“I will not lose because you can’t win.”
Jason Robert Brown’s ‘The Last Five Years’ presents to us the story of Cathy Hyatt (Maggie Moriarty) and Jamie Wellerstein (Peter Todd), two twenty-somethings attempting to ‘make it’ as artists in New York. Through masterful chronological manipulation, we see the development and unravelling of their relationship from each of their perspectives: whilst Jamie moves forward in time from their first date, the piece begins with Cathy’s point of view as she discovers that Jamie has left her. This structure means that, in most productions, the two characters rarely appear on stage together, and so even before watching the show, I imagined it would work reasonably well in its new quarantine-friendly format.
To say the format “works reasonably well”, however, is an understatement: the piece is a triumph. Imogen Albert’s direction complements Jason Robert Brown’s music and lyrics beautifully, creating heart-breaking juxtaposition as one character experiences the joy and excitement of falling in love for the first time, while the other tries desperately to paper over the ever-growing cracks appearing in their relationship as it develops. This is best exemplified in the transition between the songs ‘A Miracle Would Happen’, in which Jamie struggles to overcome the temptation towards infidelity and to convince himself that he truly is happy in his new marriage, and ‘When You Come Home to Me’, a very pretty love song, performed in a beautifully earnest and almost child-like rendition by Maggie Moriarty. Albert’s use of space is also very well thought-out: despite Jamie and Cathy’s scenes being filmed in completely different locations, elements such as front doors and stairwells are cleverly used to give the piece an important sense of continuity.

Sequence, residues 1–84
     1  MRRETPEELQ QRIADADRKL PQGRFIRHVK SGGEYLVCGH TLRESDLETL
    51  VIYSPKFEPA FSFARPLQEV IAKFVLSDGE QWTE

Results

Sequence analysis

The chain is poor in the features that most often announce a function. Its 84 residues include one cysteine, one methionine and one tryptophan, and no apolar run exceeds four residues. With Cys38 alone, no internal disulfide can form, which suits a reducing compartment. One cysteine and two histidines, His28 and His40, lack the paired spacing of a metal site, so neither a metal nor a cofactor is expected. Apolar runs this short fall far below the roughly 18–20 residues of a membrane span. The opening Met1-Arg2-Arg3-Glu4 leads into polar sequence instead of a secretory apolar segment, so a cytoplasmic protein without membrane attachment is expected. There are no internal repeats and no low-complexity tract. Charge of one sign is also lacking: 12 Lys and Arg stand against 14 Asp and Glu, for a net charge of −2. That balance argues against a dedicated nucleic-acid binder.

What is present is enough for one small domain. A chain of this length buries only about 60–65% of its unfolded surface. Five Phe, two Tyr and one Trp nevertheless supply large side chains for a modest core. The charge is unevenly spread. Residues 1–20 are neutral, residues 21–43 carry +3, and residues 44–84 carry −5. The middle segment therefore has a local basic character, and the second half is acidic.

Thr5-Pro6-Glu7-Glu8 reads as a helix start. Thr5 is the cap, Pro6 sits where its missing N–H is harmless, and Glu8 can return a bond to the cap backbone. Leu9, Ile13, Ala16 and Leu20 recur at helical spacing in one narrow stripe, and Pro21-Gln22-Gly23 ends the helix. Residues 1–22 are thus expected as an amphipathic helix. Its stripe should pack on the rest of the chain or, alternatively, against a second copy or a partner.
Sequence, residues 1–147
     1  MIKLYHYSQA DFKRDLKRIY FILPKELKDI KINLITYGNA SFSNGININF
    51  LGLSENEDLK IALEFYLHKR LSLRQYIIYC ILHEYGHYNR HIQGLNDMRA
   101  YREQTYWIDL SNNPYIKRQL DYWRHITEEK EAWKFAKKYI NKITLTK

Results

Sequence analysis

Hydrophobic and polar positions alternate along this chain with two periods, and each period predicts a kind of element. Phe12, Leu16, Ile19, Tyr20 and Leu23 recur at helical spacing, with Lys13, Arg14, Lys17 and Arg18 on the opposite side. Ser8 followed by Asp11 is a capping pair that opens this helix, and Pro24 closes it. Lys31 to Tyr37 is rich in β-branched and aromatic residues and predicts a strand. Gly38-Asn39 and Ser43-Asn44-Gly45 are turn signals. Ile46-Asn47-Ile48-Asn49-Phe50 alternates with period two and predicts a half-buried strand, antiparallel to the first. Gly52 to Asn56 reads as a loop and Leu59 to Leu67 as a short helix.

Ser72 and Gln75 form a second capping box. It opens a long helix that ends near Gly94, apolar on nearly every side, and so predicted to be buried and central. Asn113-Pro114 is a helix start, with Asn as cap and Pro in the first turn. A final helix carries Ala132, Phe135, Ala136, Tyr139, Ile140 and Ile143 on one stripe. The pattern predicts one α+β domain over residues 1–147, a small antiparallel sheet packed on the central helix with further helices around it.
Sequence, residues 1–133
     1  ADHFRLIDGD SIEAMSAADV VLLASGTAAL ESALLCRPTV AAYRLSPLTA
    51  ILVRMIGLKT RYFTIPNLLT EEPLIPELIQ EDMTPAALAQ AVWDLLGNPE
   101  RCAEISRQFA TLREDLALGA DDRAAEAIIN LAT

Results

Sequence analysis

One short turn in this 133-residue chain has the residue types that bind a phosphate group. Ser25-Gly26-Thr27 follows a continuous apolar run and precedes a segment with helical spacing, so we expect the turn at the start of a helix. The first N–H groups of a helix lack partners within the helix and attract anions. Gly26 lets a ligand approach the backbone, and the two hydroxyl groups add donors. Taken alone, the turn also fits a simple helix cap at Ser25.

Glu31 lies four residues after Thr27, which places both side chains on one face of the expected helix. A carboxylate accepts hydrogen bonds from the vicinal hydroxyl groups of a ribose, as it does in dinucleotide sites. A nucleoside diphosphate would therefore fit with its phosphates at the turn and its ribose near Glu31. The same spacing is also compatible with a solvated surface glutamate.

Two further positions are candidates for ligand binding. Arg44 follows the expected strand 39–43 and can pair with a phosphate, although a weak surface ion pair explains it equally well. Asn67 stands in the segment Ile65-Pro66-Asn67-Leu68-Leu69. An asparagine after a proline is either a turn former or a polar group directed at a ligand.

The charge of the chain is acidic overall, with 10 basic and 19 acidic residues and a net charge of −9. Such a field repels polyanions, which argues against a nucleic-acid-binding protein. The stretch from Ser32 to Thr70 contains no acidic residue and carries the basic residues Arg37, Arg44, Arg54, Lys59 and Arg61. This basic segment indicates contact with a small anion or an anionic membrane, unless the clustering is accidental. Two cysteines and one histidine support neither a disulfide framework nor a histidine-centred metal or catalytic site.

With only two actors in the cast, the roles of Cathy and Jamie are hugely demanding, but Maggie Moriarty and Peter Todd are exceptional. Backed up by a highly professional-sounding band, led by Livi Van Warmelo. Both actors make Brown’s challenging score seem effortless, and in the rare moments the two characters sing together, a gorgeous vocal contrast is created. In terms of character, Todd gives us a cheeky, comical Jamie who is doing his very best to support Cathy, but who develops into a man who cannot help but put his own success, and ultimately his own happiness first. His powerful rendition of ‘If I Didn’t Believe in You’ clearly shows a man torn between wanting to encourage his wife and being frustrated and annoyed by her lack of confidence and struggle to find acting work. Moriarty’s Cathy, on the other hand, is a quiet, pensive character, whom we see physically weighed down with self-doubt at the start of the play, but who moves backwards in time to reveal an exuberant young woman in love. This turning point was extremely well-demonstrated in the song ‘A Summer in Ohio’, which Moriarty performed with a sheer joy and energy that just had not been detectable in Cathy’s character before this point.
Overall, the whole team have done a wonderful job. The direction, acting, singing and band (the violin line that both starts and ends the show is particularly heart-wrenching) were so skilled that I genuinely forgot where I was, and was sitting alone my room, applauding wildly. If online productions like this will be the “new normal” for theatre over the next few months, 00Productions have shown that we are in safe hands.